This mouse-sized identity quest sparkles.

THE MOUSE WITH THE QUESTION MARK TAIL

Peck returns to the parallel mouse society he introduced in the effervescent Secrets at Sea (2011) for a rodent’s-eye view of Queen Victoria’s Diamond Jubilee.

Readers first meet the titular mouse, the book’s narrator, in the Royal Mews. A foundling, he’s been brought up by his “aunt” Marigold, who is fond of aphorisms. “Nameless is Blameless” is one of her favorites, used whenever her young charge asks who he is. Blameless he may be, but that doesn’t keep him out of scrapes. On the run from a couple of school bullies, he finds himself exposed, in his school uniform, on the floor of the royal riding school, where he is noticed by a human—most definitely not the done thing. In short order, he goes from this disgrace to refuge in a horse’s manger to a daylong stint as a Yeomouse of the Guard to the private chambers of Queen Victoria, where he blunders into secret upon secret, including, at the end, his identity. Peck binds this unlikely romp together with his characteristically witty and precise prose, flavored by an endearing blend of humility and superiority that only a British foundling mouse can muster. Details of the mouse world that bustles around and under the human world will enchant lovers of animal fantasy, and clever running jokes provide both humor and continuity (our poor hero is repeatedly asked, “Are you not yet full-grown, or just short?”).

This mouse-sized identity quest sparkles. (Animal fantasy. 8-12)

Pub Date: July 2, 2013

ISBN: 978-0-8037-3838-6

Page Count: 240

Publisher: Dial Books

Review Posted Online: April 10, 2013

Kirkus Reviews Issue: June 1, 2013

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An apocalyptic adventure with a whole lot of heart.

THE LAST KIDS ON EARTH AND THE ZOMBIE PARADE

From the Last Kids on Earth series , Vol. 2

Thirteen-year-old Jack Sullivan and his crew of monster-fighting besties are fresh off their victorious battle against the evil Blarg, but there’s no rest for the weary in the middle of a Monster Apocalypse.

First, Joe’s Pizza has become the local monster hangout. And second, the zombies seem to be disappearing. Thankfully, the white boy, his not-so-secret Latina love, June Del Toro, his African-American, science-nerd best friend, Quint, and pre-apocalypse bully–turned-ally Dirk, a large white boy who loves to garden, befriend a man-monster who might have the answers to everything. Equal parts humor, adventure, and warmth, the book offers fans of the series and new readers alike an entirely agreeable outing. Jack’s witty narration and Holgate’s pitch-perfect illustrations make for a terrific read that’s particularly well suited for middle-grade boys who might otherwise be reluctant to pick up a book. There are plenty of foul-smelling, brain-sucking monsters and gizmos and gadgets to delight, but at its core, this is a story about friendship. Orphaned at birth and raised by a foster family he describes as jerks, Jack has always longed for a family of his own. Now that he has one, the only thing scarier than the monsters is the thought of losing them.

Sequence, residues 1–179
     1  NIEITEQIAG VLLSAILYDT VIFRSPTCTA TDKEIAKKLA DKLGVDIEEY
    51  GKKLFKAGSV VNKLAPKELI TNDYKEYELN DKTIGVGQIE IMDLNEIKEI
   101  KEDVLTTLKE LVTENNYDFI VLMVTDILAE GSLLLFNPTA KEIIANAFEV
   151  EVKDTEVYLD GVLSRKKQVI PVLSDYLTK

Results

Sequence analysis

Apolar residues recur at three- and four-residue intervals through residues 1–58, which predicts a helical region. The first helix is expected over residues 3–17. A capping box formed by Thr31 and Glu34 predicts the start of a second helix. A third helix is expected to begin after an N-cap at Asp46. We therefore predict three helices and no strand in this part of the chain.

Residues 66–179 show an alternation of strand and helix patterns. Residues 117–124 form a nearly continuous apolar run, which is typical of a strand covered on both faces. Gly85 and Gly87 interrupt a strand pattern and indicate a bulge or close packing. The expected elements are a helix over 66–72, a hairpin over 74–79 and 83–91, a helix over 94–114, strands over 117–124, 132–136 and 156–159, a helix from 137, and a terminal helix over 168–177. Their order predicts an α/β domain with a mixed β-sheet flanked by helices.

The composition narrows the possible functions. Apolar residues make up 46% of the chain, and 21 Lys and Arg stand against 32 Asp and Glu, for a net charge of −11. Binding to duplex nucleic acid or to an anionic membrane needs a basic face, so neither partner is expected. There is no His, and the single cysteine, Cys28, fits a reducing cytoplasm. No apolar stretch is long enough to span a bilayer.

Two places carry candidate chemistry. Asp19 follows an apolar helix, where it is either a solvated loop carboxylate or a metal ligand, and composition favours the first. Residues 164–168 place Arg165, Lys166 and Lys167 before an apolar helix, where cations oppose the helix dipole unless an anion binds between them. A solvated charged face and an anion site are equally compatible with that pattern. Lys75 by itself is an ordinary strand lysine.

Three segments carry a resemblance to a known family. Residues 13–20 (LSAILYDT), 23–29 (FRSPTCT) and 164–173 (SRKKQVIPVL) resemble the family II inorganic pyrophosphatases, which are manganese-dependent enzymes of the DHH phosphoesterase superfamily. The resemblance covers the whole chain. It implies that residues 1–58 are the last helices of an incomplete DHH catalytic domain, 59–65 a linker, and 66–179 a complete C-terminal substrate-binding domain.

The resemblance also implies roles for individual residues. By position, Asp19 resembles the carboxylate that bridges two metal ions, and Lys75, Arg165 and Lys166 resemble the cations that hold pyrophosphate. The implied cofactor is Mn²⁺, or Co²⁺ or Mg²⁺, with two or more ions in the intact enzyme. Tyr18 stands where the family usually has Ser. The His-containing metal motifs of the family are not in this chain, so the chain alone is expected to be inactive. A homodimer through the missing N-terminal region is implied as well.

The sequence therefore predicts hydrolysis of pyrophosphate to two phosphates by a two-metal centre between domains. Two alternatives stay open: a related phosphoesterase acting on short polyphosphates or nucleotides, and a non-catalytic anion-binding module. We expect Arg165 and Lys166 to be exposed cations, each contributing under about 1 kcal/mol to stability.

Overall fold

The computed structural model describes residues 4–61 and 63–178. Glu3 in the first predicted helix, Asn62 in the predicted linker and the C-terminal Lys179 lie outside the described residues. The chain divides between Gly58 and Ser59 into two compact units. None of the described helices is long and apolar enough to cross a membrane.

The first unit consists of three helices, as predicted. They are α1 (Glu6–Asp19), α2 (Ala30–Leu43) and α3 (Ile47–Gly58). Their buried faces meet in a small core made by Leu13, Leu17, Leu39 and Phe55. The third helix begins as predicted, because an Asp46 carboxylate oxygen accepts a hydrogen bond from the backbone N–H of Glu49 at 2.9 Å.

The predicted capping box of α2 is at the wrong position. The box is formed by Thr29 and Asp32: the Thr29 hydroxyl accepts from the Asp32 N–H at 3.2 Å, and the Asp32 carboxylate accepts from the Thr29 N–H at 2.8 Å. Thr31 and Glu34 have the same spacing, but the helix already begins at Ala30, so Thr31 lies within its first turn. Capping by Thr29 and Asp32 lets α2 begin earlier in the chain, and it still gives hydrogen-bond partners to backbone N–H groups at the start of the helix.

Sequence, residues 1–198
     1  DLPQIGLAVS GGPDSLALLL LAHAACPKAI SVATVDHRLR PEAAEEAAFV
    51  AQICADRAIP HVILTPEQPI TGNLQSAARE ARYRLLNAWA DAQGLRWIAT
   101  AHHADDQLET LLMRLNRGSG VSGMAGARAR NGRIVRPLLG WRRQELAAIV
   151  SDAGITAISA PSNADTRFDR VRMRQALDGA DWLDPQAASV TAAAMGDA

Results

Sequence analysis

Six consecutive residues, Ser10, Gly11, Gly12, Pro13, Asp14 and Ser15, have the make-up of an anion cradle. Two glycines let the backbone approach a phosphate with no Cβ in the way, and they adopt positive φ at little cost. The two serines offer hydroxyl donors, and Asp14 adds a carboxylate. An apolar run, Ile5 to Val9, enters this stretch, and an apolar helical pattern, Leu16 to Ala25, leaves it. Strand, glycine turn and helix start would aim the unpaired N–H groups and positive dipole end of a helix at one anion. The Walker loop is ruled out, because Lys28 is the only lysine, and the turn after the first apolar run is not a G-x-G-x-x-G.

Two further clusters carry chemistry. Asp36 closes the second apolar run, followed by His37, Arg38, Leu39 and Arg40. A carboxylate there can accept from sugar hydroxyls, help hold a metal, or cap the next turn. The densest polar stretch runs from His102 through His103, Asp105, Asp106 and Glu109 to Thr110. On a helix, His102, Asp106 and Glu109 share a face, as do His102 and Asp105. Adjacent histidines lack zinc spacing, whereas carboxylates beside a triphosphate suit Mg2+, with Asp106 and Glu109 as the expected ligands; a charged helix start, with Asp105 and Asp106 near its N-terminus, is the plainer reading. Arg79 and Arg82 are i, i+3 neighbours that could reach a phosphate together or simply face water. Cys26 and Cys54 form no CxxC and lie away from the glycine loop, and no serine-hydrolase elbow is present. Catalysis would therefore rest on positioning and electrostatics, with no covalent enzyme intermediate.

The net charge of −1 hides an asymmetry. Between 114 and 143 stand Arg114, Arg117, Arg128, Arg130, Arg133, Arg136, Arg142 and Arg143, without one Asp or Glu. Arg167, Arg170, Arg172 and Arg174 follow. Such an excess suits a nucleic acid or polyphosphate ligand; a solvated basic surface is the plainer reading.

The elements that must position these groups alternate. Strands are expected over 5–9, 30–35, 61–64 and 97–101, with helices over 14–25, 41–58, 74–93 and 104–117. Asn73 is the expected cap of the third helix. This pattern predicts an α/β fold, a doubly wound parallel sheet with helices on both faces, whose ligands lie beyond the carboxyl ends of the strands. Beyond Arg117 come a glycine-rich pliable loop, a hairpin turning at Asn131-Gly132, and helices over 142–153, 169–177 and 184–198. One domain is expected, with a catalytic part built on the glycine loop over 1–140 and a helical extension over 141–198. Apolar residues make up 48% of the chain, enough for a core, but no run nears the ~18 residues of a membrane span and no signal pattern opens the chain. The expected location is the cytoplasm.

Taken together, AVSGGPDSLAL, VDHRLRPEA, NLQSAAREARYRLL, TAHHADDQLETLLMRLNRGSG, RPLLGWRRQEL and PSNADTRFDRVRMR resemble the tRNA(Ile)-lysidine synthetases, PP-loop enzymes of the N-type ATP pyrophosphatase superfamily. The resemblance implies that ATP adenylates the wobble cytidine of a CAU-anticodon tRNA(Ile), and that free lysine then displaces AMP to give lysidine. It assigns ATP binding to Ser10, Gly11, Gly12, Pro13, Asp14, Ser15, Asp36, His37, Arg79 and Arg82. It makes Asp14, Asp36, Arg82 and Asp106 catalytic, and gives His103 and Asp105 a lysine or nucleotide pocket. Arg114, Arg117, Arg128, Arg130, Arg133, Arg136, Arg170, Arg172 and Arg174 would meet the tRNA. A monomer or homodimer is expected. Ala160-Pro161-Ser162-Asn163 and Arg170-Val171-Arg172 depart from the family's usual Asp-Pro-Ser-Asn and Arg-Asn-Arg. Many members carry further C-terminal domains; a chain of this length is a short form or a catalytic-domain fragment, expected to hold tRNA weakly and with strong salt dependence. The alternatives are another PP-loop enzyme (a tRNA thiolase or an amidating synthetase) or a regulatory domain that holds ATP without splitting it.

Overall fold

An apocalyptic adventure with a whole lot of heart. (Horror. 8-12)

Pub Date: Sept. 6, 2016

ISBN: 978-0-670-01662-4

Page Count: 240

Publisher: Viking

Review Posted Online: July 2, 2016

Kirkus Reviews Issue: July 15, 2016

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A sympathetic, compelling introduction to wolves from the perspective of one wolf and his memorable journey.

A WOLF CALLED WANDER

Separated from his pack, Swift, a young wolf, embarks on a perilous search for a new home.

Swift’s mother impresses on him early that his “pack belongs to the mountains and the mountains belong to the pack.” His father teaches him to hunt elk, avoid skunks and porcupines, revere the life that gives them life, and “carry on” when their pack is devastated in an attack by enemy wolves. Alone and grieving, Swift reluctantly leaves his mountain home. Crossing into unfamiliar territory, he’s injured and nearly dies, but the need to run, hunt, and live drives him on. Following a routine of “walk-trot-eat-rest,” Swift traverses prairies, canyons, and deserts, encountering men with rifles, hunger, thirst, highways, wild horses, a cougar, and a forest fire. Never imagining the “world could be so big or that I could be so alone in it,” Swift renames himself Wander as he reaches new mountains and finds a new home. Rife with details of the myriad scents, sounds, tastes, touches, and sights in Swift/Wander’s primal existence, the immediacy of his intimate, first-person, present-tense narration proves deeply moving, especially his longing for companionship. Realistic black-and-white illustrations trace key events in this unique survival story, and extensive backmatter fills in further factual information about wolves and their habitat.

A sympathetic, compelling introduction to wolves from the perspective of one wolf and his memorable journey. (additional resources, map) (Fiction. 8-12)

Pub Date: May 7, 2019

ISBN: 978-0-06-289593-6

Page Count: 240

Publisher: Greenwillow Books

Review Posted Online: Feb. 6, 2019

Kirkus Reviews Issue: March 1, 2019

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